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branded drug that is not on the formulary of the pharmacy benefit manager that my company happens to use. what do i do then if it's not on there? do i pony up and say okay, i'll pay the full price? do i go for a generic that is on the formulary but may not work for me? do i fight them? what do i do? >> right. well, i guess the first thing would be to try and fight and see if the drug your doctor prescribed could get on the formulary. it means these people who have been prescribed a brand name drug that's not available, they're going to have to, as you say, pony up for the price. in many cases middle income and lower income people can't afford to do that. so it's a real quandary. you have so much power with the pbms now and they've really been negotiating deep discounts. if you take a drug like sivaldi, the express scripps developed a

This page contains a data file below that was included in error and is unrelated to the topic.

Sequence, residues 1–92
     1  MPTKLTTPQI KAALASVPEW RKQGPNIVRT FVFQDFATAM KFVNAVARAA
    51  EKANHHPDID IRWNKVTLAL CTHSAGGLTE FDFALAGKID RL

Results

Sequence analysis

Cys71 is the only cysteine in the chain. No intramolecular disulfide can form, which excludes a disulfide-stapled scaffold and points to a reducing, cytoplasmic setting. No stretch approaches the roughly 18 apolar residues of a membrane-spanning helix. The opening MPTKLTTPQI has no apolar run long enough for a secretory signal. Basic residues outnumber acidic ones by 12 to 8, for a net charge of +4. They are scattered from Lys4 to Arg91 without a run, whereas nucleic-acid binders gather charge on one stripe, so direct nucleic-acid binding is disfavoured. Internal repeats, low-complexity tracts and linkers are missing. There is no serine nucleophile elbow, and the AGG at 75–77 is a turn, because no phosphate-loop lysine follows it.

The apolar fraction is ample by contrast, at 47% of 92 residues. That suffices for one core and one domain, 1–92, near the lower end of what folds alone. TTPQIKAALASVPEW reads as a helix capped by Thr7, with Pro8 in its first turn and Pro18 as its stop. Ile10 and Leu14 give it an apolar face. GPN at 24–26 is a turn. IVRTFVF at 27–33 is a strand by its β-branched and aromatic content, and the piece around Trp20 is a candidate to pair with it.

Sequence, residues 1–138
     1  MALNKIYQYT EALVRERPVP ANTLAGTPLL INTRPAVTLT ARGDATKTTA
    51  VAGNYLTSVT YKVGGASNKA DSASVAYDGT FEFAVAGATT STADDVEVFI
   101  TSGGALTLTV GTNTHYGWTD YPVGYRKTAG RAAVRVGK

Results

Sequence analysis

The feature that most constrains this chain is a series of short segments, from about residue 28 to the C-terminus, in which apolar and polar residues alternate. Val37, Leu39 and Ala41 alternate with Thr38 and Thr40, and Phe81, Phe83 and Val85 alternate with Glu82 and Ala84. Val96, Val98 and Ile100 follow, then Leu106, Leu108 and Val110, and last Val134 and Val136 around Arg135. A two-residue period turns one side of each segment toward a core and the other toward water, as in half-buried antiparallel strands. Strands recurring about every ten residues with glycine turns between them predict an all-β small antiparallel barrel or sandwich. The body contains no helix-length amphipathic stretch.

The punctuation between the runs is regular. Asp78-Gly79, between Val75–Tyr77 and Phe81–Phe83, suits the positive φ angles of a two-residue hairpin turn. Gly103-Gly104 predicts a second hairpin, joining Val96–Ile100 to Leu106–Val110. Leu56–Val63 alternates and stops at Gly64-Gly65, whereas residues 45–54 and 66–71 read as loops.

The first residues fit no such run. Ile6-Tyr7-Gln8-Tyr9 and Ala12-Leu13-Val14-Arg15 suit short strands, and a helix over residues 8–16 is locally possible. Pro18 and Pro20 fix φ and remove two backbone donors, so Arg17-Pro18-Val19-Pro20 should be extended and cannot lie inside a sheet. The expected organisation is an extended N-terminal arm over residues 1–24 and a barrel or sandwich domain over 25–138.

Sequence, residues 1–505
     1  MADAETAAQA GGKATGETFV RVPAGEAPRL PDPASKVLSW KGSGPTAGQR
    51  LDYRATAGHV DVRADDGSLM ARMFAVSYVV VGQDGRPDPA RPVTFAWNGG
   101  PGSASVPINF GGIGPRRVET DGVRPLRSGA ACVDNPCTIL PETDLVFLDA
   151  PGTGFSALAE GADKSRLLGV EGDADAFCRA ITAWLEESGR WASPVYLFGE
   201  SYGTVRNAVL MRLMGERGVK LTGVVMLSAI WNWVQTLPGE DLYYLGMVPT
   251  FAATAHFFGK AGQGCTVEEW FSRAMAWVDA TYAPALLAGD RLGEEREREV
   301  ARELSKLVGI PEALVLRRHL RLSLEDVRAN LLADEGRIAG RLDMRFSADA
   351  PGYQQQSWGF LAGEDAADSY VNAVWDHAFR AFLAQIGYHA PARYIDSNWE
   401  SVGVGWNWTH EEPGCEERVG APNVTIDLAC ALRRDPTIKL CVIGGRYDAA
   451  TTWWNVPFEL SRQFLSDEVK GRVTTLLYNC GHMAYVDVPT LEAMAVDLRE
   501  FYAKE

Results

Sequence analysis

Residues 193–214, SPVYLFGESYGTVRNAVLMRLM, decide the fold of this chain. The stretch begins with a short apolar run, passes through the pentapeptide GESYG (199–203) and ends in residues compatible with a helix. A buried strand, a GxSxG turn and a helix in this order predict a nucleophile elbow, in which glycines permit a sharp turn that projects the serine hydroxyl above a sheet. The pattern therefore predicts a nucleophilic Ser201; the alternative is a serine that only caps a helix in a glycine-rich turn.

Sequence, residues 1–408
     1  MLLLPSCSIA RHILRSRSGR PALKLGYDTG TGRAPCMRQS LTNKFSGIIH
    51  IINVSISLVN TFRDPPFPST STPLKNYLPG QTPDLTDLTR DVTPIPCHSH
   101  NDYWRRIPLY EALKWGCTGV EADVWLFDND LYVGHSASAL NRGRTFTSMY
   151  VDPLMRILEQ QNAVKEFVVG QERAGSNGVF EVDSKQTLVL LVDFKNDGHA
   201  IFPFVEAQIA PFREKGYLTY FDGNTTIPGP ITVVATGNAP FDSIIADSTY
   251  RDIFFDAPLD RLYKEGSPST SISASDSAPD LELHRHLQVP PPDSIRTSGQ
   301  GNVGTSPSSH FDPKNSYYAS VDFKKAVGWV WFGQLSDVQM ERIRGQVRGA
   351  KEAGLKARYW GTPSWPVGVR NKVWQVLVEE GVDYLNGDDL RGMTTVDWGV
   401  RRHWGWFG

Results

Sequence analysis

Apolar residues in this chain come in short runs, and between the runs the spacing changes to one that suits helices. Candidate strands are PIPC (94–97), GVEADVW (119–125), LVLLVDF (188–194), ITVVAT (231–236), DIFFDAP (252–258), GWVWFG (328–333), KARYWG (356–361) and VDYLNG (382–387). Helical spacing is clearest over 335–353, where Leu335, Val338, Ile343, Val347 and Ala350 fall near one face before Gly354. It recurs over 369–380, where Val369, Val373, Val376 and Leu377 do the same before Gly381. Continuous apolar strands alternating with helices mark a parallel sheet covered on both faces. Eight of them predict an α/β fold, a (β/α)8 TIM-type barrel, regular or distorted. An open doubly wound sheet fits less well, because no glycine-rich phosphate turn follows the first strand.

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really deep discount. and so the other two companies which might have better drugs are not available because they're not on the formularies. it hurts the patient and the consumer. >> thank you very much. this is an ongoing story. i'm sure we'll visit you again on it. sally pipes with the pacific research institute. >> thank you. a hedge fund warning sends shares of tara form power surging. that is where we begin tonight's market focus. hedge fund manager david tepper sent out a public letter to tara form power's board accusing the company which is sun edison, the parent company of pushing low grade projects on to tara. shares rose on the disclosure he has a position in the company. the stock was up 32% to $9.15. slumber jay revealing job cuts. that adds to the 20,000 already announce this had year as oil prices continued to plunge. no details yet on the number of layoffs. shares rose 1% to 78.17.